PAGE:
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Breaking ‘The Man Code’: The motivations and experiences of men working as British Sign Language Interpreters
in the United Kingdom

MICHAELS, PAUL,ANTHONY (2023) Breaking ‘The Man Code’: The motivations and experiences of men working as British Sign Language Interpreters
in the United Kingdom.
Doctoral thesis, Durham University.



Research on British Sign Language (BSL) Interpreting has emerged from the wider field of interpreting and translation studies and deaf studies. Early attention to linguistic aspects of interpreting has been followed by research exploring psychological, sociological, and cultural issues in interpreting, with recent attention being drawn to the gendered nature of the interpreting profession. This study of men in the predominantly female profession of BSL interpreting draws on the sociology of work and the sociology of gender to explore the motivations of men to join the profession and their experiences of working as interpreters. It builds on evidence and argument about the experiences of men who work in predominantly female professions as well as recent studies of gender-based motivations of men, and women, to become interpreters of spoken languages. Data were collected through 25 semi-structured interviews with men registered as BSL interpreters, complemented by a Facebook focus group with a further 13 registered interpreters. Analysis of the data revealed interesting insights into initial exposure to sign language, as well as intrinsic and extrinsic factors influencing decisions to become interpreters. Chiming with literature on men in predominantly female professions, the most prominent experiences related to i) gender preferences for co-working, ii) perceptions of, and ease with, sign language interpreting as a caring as well as a technical (in this case linguistic) profession, iii) pay, and iv) sexuality and stereotyping. While there were similar findings with studies of men in other predominantly female professions such as the inclusivity for LGBTQIA+ people, there were some notable contrasts including the greater number of freelance interpreters thereby challenging career acceleration and remuneration norms found in other predominantly female professions, as well as the significant connection to the deaf community which shapes the work of an interpreter. This study contributes new insights and understandings to this field of study within the sociology of work, interpreting studies and deaf studies. The thesis concludes by making recommendations for: i) sign language interpreting policy and practice to embrace the linguistic and cultural needs of deaf people and ii) future research on further aspects of sign language interpreting.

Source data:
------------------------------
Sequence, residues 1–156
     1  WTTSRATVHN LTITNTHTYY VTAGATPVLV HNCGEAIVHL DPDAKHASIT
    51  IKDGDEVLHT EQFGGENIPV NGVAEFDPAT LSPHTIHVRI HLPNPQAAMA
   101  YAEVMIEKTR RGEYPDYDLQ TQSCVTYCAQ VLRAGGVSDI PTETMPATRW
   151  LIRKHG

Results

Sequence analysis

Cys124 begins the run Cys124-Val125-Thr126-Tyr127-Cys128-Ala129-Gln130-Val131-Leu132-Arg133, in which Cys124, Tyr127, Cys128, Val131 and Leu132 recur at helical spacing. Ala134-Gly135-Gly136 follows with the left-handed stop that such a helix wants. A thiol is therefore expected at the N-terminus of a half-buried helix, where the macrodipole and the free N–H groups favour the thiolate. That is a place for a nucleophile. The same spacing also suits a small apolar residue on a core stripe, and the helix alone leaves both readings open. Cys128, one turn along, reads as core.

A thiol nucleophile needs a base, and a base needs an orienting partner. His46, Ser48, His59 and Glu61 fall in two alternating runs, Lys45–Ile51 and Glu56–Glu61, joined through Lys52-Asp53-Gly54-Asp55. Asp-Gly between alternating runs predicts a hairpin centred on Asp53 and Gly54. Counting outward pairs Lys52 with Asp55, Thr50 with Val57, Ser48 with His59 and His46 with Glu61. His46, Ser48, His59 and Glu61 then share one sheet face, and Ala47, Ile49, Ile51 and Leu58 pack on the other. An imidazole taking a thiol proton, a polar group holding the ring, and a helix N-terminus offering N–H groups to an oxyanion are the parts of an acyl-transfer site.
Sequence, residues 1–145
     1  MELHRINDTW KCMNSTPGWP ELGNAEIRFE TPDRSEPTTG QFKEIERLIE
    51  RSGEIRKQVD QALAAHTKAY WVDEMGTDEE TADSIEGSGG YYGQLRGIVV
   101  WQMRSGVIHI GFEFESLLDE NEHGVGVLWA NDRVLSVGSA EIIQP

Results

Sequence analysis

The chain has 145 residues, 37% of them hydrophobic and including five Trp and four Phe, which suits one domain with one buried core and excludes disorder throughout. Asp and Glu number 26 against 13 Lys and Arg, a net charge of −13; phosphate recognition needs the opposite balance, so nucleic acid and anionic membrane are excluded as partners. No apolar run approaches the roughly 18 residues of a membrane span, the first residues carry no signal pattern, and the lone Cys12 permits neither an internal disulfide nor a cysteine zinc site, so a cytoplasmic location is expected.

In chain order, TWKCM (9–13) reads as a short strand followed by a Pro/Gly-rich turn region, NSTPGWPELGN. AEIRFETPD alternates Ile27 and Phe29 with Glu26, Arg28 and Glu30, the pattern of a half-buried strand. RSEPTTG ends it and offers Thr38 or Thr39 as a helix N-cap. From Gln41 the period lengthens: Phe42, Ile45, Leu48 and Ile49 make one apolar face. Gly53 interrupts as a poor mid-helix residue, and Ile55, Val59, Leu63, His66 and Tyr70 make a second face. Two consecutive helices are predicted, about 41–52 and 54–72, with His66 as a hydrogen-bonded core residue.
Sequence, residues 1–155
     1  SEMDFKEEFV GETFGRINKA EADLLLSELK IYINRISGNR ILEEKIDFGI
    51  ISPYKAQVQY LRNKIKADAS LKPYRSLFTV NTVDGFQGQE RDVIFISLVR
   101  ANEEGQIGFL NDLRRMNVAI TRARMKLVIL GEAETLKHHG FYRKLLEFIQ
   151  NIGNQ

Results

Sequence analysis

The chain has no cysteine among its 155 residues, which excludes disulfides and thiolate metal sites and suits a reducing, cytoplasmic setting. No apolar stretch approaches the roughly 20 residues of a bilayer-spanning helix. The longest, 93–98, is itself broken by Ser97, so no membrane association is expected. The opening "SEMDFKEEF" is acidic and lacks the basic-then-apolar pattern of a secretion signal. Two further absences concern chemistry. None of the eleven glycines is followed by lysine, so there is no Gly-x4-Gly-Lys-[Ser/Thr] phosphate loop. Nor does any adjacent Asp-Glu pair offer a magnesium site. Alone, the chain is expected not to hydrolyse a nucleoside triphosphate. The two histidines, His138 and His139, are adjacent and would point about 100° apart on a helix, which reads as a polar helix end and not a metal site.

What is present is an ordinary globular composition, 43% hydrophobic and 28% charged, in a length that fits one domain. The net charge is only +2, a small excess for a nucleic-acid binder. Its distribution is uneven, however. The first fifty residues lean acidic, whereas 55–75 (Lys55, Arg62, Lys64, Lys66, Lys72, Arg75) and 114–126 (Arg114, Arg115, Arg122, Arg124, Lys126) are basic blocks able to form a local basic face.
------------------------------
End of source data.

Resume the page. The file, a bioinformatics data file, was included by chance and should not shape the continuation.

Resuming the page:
Item Type:Thesis (Doctoral)
Award:Doctor of Philosophy
Keywords:British Sign Language interpreting; sociology of gender and work; deaf studies, interpreting studies; predominantly female profession
Faculty and Department:Faculty of Social Sciences and Health > Sociology, Department of
Thesis Date:2023
Copyright:Copyright of this thesis is held by the author
Deposited On:31 Oct 2023 14:04

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